A no-nonsense guide to achieving a more organized work space

I walked into my office the other day… and turned around and walked right back out. How did it get so messy? How did I let this happen? I couldn’t blame anyone else – I did it all by myself.

I do like a busy office. I’m a multi-tasker, and a completely clean desk has never really been an option for me.
A boss from many years ago believed that having a clean desk was very important. My ‘busy’ desk continually annoyed him, so one day he made a sign for my desk: ‘A cluttered desk is a sign of a cluttered mind.’ In my defense (and, some would say, career short-sightedness) I made him a sign: ‘What does an empty desk say?’

Despite what happened in the past, I came to realize that I had to find a happy medium between an empty desk and one that looked like a tornado had just swept over it. But where to start? De-junking. This was the first step in what I’m sure will become a 12-step process!

Here are the next steps I’m going to take (and you can, too) on the path to a clean desk:

1. Get rid of empty containers. This includes empty correction fluid containers, empty aspirin bottles, empty tins and baskets.

2. Get rid of unnecessary duplication. How many pairs of scissors do you really need? One yellow highlighter is sufficient; five is junk. How many pads of Post-It notes do you currently have on the go? I need a couple of pens on my desk, but I don’t need a basket of 37. I’m putting them back in the supply cabinet (not in my drawers).

3. Old, dead stuff. Look through your desk drawer. How many old cough drops, pieces of gum, candy and heaven knows what else is in there? You probably have a bottle of nail polish (to stop a run in your nylons) that has the lid stuck on. If you have the local gym schedule on your wall, have a look at the date. I bet it’s out of date. Get rid of old, dead stuff.

4. Spare parts. I found an old punch from a former three-hole punch in my desk. What was I keeping that for? I found an old blade from an exacto knife. If, in the past year I haven’t used it, I’m getting rid of it (because it now qualifies as old, dead stuff).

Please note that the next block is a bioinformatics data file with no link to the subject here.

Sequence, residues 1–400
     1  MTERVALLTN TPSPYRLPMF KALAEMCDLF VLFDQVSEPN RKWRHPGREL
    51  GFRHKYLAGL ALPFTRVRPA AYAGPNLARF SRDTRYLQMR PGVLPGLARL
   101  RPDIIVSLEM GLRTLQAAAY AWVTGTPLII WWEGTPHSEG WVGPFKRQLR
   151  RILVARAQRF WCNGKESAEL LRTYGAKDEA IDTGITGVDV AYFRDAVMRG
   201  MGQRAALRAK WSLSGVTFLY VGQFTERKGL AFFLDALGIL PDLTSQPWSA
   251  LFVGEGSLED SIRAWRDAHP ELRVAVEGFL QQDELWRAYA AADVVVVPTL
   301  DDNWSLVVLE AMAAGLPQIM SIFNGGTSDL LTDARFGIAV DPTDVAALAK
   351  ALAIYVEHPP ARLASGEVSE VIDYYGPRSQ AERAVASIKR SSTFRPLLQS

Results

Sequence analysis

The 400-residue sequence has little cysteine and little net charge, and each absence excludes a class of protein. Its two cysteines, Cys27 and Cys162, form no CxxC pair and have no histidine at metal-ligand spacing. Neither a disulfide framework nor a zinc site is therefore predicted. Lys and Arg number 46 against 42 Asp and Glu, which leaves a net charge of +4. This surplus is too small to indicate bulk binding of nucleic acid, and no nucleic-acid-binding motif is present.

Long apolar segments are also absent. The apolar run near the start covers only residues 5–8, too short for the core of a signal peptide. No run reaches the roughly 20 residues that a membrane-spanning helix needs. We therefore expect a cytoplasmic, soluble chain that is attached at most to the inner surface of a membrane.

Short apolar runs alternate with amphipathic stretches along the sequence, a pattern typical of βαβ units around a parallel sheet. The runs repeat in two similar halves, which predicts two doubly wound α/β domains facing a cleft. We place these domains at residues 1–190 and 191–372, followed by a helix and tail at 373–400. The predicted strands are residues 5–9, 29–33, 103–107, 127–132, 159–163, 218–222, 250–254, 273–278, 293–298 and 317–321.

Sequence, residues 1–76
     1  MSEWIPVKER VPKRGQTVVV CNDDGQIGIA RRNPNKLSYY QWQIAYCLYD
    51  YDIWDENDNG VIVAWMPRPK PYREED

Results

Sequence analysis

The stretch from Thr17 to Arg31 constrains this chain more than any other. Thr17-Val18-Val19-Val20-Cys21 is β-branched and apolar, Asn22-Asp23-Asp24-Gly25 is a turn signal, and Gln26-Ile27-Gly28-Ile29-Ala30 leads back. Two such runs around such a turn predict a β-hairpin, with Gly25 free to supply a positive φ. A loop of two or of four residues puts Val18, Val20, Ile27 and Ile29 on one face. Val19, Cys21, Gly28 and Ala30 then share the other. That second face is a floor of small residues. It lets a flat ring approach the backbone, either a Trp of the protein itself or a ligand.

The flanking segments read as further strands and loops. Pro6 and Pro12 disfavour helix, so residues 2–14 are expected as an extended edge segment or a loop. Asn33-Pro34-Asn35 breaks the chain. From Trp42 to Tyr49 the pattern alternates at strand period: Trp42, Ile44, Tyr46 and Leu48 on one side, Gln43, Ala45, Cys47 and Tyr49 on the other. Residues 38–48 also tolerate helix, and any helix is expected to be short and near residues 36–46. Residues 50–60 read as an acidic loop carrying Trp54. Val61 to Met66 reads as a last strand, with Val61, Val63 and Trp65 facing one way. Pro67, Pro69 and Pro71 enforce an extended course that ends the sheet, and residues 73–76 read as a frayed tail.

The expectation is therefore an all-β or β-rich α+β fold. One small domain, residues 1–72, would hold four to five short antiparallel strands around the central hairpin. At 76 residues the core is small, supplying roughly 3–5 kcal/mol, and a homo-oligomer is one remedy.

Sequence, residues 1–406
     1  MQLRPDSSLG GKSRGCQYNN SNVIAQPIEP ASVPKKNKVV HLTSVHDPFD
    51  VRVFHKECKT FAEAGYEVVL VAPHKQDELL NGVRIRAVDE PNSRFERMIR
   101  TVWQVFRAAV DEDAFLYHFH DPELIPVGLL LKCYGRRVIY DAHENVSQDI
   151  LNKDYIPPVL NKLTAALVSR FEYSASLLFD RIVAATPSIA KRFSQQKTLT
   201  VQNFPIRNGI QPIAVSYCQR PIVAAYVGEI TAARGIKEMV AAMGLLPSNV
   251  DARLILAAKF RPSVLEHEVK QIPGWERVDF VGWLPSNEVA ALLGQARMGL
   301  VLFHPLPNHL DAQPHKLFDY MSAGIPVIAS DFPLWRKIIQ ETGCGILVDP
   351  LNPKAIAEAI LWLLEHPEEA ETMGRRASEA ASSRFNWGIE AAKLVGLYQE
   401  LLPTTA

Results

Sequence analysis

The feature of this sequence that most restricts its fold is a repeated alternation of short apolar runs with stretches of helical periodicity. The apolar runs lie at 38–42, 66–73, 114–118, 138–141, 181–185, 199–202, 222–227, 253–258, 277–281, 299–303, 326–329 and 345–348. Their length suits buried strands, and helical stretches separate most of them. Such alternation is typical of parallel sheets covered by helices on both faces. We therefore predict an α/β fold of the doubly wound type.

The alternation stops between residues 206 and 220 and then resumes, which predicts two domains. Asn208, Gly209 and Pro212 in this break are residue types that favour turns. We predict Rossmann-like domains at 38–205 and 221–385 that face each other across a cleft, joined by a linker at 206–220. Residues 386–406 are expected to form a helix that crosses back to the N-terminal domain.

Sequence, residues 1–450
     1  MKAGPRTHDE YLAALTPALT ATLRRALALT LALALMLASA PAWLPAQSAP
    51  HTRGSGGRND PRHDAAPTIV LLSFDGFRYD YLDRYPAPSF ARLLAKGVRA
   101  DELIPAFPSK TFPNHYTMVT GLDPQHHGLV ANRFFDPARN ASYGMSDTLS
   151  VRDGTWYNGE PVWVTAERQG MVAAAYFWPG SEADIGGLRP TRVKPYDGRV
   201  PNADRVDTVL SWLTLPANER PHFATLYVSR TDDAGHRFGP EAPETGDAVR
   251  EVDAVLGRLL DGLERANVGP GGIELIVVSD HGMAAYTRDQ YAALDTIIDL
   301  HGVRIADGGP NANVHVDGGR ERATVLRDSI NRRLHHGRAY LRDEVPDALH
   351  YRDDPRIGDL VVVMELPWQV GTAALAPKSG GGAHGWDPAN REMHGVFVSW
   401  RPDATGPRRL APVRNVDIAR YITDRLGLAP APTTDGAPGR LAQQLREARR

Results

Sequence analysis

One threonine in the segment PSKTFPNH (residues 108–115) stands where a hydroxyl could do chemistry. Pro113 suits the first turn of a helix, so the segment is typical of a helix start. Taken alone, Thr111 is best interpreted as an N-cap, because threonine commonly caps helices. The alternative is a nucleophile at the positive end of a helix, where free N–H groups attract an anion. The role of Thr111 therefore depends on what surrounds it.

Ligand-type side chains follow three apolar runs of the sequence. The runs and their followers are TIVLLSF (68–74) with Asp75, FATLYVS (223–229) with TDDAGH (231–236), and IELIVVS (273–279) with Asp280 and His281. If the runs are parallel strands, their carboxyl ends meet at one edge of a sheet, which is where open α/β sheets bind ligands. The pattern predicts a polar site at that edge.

5. Old calendars. Face it, you are never going to put those pictures in a frame and hang them in your office. Even if you did, they would probably look silly anyway. Yes, those puppies are cute. You enjoyed them in 1978. Now throw away the calendar.

6. Anything with an outdated address, phone number or name. I know you think you’ll use it for scrap paper, but there is always a lot of that floating around anyway, and we don’t need to store it. Put it in the recycle bin. Help the environment and help your efficiency at the same time.

7. Keys. If you don’t know what the key opens, throw it away.

8. Broken office furniture. We all seem to have that chair that has a broken wheel, or the desk with the broken drawers. Why do we keep them? We would never give it to someone as their furniture. It is taking up space and creating junk, so get rid of it.

9. Cord clutter. We certainly have a lot of cords, but use some twist ties and tidy them up. If you need to (and this is a good idea), colour code your cords and equipment to save time in the future. Do you really need three power bars under your desk? Do yourself a favour and organize those cords. It will save you frustration and time in the future.

10. Clothes clutter. Do you need your entire wardrobe at work? Keep one pair of shoes and one sweater. Take the rest home. If a disaster strikes and you spill something on your shirt, use it as an excuse to buy a new one (or put on your sweater).

If you work through these 10 steps, I am sure you will banish some of your junk, and tame some of your clutter. Of course, there is more to a clean desk than these steps alone, but at least it’s a start.

Rhonda Scharf, CSP, HoF, GSF is a Certified Speaking Professional, Hall of Fame, trainer and author based in Ottawa. She helps organizations feel motivated and educated through her interactive, realistic and fun training programs and keynote speeches. If ... (Read More)

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